1 Like

Has anyone else had such a problem? Everything is displayed except the pictures.
The code seems to be fine, I compared it with what others posted.

GitHub link: Codecademy export · GitHub

Header.js

import React from 'react';

function Header(props){
  return (
    <div>
      <img scr={props.profileImg} alt='picture'/>
      <h1>{props.username}</h1>
    </div>
  )
}

export default Header;

Card.js

import React from 'react';
import Body from './Body';
import Header from './Header';

function Card(props) {
  return (
    <div>
      <Header profileImg={props.commentObject.profileImg} username={props.commentObject.username} />
      <Body comment={props.commentObject.comment} />
    </div>
  )
}

export default Card;

App.js

import React from 'react';
import {comments} from './commentData';
import Card from './Card';

function App(){
  return comments.map(comment => <Card commentObject={comment} />
  )
  
}

export default App;

Links to images work if manually copied and used in the browser.

// You wrote:
<img scr={props.profileImg} alt='picture'/>

// It should be:
<img src={props.profileImg} alt='picture'/>
1 Like

Thank you very much.
I even moved the entire project to Visual Studio, but even there the editor did not underline “scr” as incorrect code.

Hello,

I’ve gone through the unstuck video twice and painstakingly followed along. It won’t display anything in the browser. I feel like I understand the concepts here, but it sure would be nice to see it work.

Also, in the video, he wraps a lot of return content in empty tags (<> … </>) can someone explain this?

If someone could point out where the syntax foible is I would be most thankful!

//App.js import React from "react"; import { comments } from "./commentData"; import Card from "./Card"; function App() { return ( comments.map(comment=> <Card commentObject={comment}) /> ); } export default App;
//Card.js import React from 'react'; import Header from './Header'; import Body from './Body'; function Card(props) { return ( <div> <Header profileImg = {props.commentObject.profileImg} username={props.commentObject.userName}/> <Body comment={props.commentObject.comment}/> </div> ) } export default Card;
//Header.js import React from 'react'; function Header(props) { return ( <div> <img src={props.profileImg}></img> <h1>{props.username}</h1> </div> ) } export default Header;
//Body.js import React from 'react'; function Body(props) { return ( <p>{props.comment}</p> ); } export default Body;
//Index.js import React from 'react'; import {createRoot} from 'react-dom/client'; import App from './App'; createRoot( document.getElementById('app') ).render(<App/>);
  • In App.js,
// You wrote:
comments.map(comment=> <Card commentObject={comment}) />

// It should be:
comments.map(comment => <Card commentObject={comment} />)
  • In Card.js, it should be props.commentObject.username (have a look at the properties of the objects in the commentData.js file)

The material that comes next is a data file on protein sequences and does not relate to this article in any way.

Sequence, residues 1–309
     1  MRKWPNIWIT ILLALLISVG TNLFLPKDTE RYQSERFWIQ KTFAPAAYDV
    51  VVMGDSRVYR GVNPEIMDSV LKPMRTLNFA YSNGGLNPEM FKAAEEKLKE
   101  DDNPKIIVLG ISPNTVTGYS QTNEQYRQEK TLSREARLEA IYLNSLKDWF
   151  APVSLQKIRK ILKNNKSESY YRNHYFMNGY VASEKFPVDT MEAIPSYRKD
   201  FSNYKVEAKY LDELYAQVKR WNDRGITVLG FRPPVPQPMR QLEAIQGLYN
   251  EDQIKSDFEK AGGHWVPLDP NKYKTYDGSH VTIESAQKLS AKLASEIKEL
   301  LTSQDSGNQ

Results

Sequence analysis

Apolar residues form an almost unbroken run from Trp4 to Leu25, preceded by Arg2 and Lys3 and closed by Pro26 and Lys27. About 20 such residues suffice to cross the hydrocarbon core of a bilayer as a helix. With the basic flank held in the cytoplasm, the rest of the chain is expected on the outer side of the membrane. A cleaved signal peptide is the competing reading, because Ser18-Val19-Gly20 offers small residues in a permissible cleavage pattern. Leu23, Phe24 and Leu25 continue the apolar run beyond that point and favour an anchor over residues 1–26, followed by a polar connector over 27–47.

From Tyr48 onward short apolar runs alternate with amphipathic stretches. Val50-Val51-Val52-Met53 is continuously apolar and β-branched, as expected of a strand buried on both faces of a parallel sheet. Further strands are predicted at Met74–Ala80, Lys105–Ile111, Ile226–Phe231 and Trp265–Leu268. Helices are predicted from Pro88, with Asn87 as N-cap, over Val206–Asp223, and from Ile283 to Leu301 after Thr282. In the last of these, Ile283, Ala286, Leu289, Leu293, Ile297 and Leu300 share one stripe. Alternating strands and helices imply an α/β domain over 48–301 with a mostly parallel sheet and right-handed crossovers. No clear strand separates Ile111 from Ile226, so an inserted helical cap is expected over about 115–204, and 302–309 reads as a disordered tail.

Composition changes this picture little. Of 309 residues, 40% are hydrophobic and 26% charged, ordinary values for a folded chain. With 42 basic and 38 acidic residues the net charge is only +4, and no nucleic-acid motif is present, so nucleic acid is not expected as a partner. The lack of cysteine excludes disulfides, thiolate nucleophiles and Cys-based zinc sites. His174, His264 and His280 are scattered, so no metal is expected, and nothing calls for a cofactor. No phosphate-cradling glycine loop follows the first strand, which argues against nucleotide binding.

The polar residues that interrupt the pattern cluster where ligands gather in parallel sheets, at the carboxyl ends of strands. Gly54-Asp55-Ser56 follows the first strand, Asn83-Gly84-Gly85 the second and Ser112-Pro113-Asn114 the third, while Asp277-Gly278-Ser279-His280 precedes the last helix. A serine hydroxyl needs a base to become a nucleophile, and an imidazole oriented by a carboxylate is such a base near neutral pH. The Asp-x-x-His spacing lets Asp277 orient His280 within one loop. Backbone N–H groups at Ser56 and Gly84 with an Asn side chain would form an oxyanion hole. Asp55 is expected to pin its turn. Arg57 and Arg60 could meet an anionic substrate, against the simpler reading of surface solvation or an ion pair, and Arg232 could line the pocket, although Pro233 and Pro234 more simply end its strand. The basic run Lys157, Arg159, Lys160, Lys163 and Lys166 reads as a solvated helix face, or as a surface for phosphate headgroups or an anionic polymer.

// You wrote:
<Header profileImg = {props.commentObject.profileImg} 
                       username={props.commentObject.userName}/>

// It should be:
<Header profileImg = {props.commentObject.profileImg} 
                       username={props.commentObject.username}/>

Haven’t watched the video. But. revisit the earlier lesson JSX Outer Elements .

…a JSX expression must have exactly one outermost element…

Only one outer element is allowed, so we can wrap them in say a <div> ... </div>, but if we don’t want to add extra nodes to the DOM by creating divs, we can instead wrap the elements in a fragment. This allows us to have only one outer element without unnecessarily cluttering the DOM.

Have a look at the documentation (it is a relatively short read):

The <></> is shorthand for <Fragment></Fragment>

The parentheses after the return keyword doesn’t count as a single outer element (see this post). Instead, we can use <div> or <Fragment> or some other element (as long as there is ONLY ONE outermost element).

1 Like

I’m somewhat chagrined to disclose this, but somehow I got on a different career track and was working in “Web Development” instead of “Full Stack”, now that I’ve straightened that out I am seeing the lessons that clear up my syntax questions.

Hello, I made the changes and redid the assignment from scratch. It still will not display anything. This is my code:

//App.js
import React from 'react';
import {comments} from './commentData'
import Card from './Card';

function App() {
  return (
    <div>
      {
        comments.map(comment =>
          <Card commentObject={comment}/>
        )
      }
    </div>
  )
}

export default App;

//Card.js
import React from 'react';
import Header from './Header';
import Body from './body';

function Card(props) {
  return (
    <>
      <Header 
        profileImg={props.commentObject.profileImg} 
        username={props.commentObject.username} 
      />
      <Body 
        comment={props.commentObject.comment}
      />
    </>
  )
}

export default Card;

//Header.js
import React from 'react';

function Header(props) {
  return (
    <>
      <img 
        src={props.profileImg}
      />
      <h1>
        {props.username}
      </h1>
    </>
  )
}

export default Header;

//Body.js

import React from 'react';

function Body(props) {
  return (
    <>
    <p>{props.comment}</p>
    </>
  )
}

export default Body;

//index.js
import React from 'react';
import {createRoot} from 'react-dom/client';
import App from './App';

createroot(
  document.getElementById('app')
).render(<App />)

In Card.js,

// You wrote:
import Body from './body';

// It should be:
import Body from './Body';

because the correct filename is Body.js

Oof, thank you! I knew it had to be something syntax-y. I’ll give it a try in my next study block and hopefully that will do the trick.

1 Like

I had made the SAME mistake. THANK YOU! :smile: